Contact Attorney Mike Baker Legal Links Practice Areas About Miike Baker Law Offices os Michael Baker

 

 

Phone (312) 380-6376 | (847) 282-4723 Rolling Meadows DUI, traffic lawyer

We represent clients charged with felony & misdemeanor crime, DUI (driving under the influence of alcohol, drugs) and serious traffic matters. We advocate for license reinstatement, reduced charges, and dismissal of charges. We handle traffic violations including speeding tickets, reckless driving, and driving without a license. We assist clients at hearings before the Illinois Secretary of State with driver's license issues including reinstatement, obtaining a restricted license to drive, and reduction of license suspension periods.

Rolling Meadows Courthouse, Court Key Schedule/Date Card, Second Municipal District, 2008

Attorney Mike Baker, with offices in Chicago and the Northwest suburbs, can defend you against charges pending against you. Some common violations include: Drunk Driving (Driving under the Influence, DUI), Reckless Driving, Leaving the Scene of an Accident involving Property damage or Personal injury, Speeding, Revoked or Suspended license, Possession of Marijuana, and disorderly conduct offenses.

We provide criminal defense for individuals who have been arrested and accused of all types of traffic violations, including but not limited to, the following:

  • Aggravated Fleeing or Attempt to Elude a Police Officer
  • Aggravated Reckless Driving
  • Aggravated Speeding (Driving 40 Miles Per Hour or More In Excess of the Speed Limit)
  • Drag Racing
  • Driving While License Suspended or Revoked (6-303)
  • DUI – Driving Under the Influence of Alcohol
  • DWI – Driving While Intoxicated
  • Failure to Obey a Traffic Control Device
  • Failure to Stop at a Stop Sign
  • Fleeing or Attempting to Elude a Police Officer
  • Improper Lane Usage
  • Leaving the Scene of a Property or Personal Injury Accident
  • Open Alcohol in Automobile
  • Passing a School Bus While Stop Sign is Out
  • Petitions to Rescind Statutory Summary Suspensions (Suspensions Resulting from DUI Arrest)
  • Reckless Driving
  • Reckless Homicide
  • Speeding
  • Speeding In a Construction Zone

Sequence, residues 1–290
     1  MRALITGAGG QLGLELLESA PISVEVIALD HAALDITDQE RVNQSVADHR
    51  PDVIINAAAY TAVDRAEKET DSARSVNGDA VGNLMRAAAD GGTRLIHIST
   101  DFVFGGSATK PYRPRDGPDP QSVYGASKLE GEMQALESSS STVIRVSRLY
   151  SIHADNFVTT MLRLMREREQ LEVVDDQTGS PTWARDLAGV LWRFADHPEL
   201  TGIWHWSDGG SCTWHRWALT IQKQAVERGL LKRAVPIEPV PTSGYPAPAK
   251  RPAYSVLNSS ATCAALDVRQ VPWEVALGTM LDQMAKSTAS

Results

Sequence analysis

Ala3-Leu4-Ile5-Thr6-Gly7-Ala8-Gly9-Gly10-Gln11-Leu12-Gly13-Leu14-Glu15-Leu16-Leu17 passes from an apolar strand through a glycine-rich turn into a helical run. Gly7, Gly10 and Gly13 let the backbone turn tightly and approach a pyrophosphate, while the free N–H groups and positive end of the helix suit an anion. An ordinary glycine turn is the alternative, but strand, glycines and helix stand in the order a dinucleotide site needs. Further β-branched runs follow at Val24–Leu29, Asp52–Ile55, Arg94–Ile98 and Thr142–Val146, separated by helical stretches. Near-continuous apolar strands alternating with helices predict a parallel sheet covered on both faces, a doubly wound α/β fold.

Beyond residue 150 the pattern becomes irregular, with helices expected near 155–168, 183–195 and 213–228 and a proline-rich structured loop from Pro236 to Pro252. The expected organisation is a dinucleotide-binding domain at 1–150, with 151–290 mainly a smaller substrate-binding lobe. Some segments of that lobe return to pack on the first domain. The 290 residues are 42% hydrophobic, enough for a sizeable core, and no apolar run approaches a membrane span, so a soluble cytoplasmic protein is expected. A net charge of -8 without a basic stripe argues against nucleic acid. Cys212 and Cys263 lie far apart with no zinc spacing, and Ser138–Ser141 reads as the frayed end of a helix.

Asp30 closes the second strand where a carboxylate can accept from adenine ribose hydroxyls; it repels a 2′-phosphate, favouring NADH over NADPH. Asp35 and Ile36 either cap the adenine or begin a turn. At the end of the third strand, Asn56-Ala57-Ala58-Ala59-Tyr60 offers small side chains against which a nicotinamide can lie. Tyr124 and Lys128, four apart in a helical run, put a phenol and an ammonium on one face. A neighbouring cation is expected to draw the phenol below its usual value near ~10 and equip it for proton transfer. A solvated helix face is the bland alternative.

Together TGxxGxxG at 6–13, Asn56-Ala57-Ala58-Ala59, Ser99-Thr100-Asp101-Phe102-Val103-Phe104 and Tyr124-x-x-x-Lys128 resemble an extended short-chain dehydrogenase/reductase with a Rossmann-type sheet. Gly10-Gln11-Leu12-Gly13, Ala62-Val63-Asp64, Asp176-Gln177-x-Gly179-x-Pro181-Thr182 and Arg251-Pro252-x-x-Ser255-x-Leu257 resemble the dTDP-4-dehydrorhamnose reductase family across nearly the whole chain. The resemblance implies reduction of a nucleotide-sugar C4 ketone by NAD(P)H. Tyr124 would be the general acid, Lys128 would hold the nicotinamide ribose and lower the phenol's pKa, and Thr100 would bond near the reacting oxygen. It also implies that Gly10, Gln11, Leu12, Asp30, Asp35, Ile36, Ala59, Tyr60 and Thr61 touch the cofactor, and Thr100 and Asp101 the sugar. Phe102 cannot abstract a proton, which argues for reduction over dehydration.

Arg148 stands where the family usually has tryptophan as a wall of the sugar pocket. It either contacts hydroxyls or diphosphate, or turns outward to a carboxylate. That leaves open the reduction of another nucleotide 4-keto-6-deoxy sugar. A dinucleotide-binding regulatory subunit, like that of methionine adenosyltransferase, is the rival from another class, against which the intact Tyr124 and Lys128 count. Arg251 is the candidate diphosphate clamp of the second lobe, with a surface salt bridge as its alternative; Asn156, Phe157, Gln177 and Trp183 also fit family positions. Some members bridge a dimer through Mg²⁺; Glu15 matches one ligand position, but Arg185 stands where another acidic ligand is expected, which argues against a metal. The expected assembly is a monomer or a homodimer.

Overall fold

• Speeding In a School Zone
  • All Other Traffic Violations

Traffic violations classified as misdemeanors can be punishable by a fine, a jail sentence or both. Persons charged with such offenses should consult an attorney immediately.

The most commonly prosecuted misdemeanor traffic offenses include the following:

  • Drag Racing
  • Driving Under the Influence (DUI)
  • Driving on a Suspended or Revoked License
  • Fleeing or Attempting to Elude the Police
  • Leaving the Scene of a Property Damage Accident
  • Leaving the Scene of an Accident Involving Death or Injury
  • Reckless Driving
  • Speeding 40 mph or More in Excess of the Limit

The loss of driving privileges can cause great hardship for many individuals. Since DUI and traffic violations affect your insurance premiums and possibly even your right to drive, it would be wise to consult with experienced attorneys before you plead guilty on a DUI charge or file for informal or formal hearing to restore your driving privileges. You may be eligible for traffic school or for a restricted driving permit or reinstatement with the Secretary of State's office.

If you reside out of state, you may not have to return to Illinois for your court case. Mr. Baker served as a prosecutor for eight years. By negotiating with the State's Attorney's Office when appropriate, we help our clients avoid time-consuming and costly DUI litigation. However, if we deem a more aggressive approach is in our client's best interest, we have a track record of successfully defending clients charged with DUI in courtrooms throughout Illinois: Rolling Meadows courthouse, Skokie Court at Old Orchard, Traffic court, Daley Center, Bridgeview, Maywood, Markham, DUI in Lake county (Waukegan) or DuPage county court (Wheaton) and McHenry County. Illinois DUI cases, Court listings.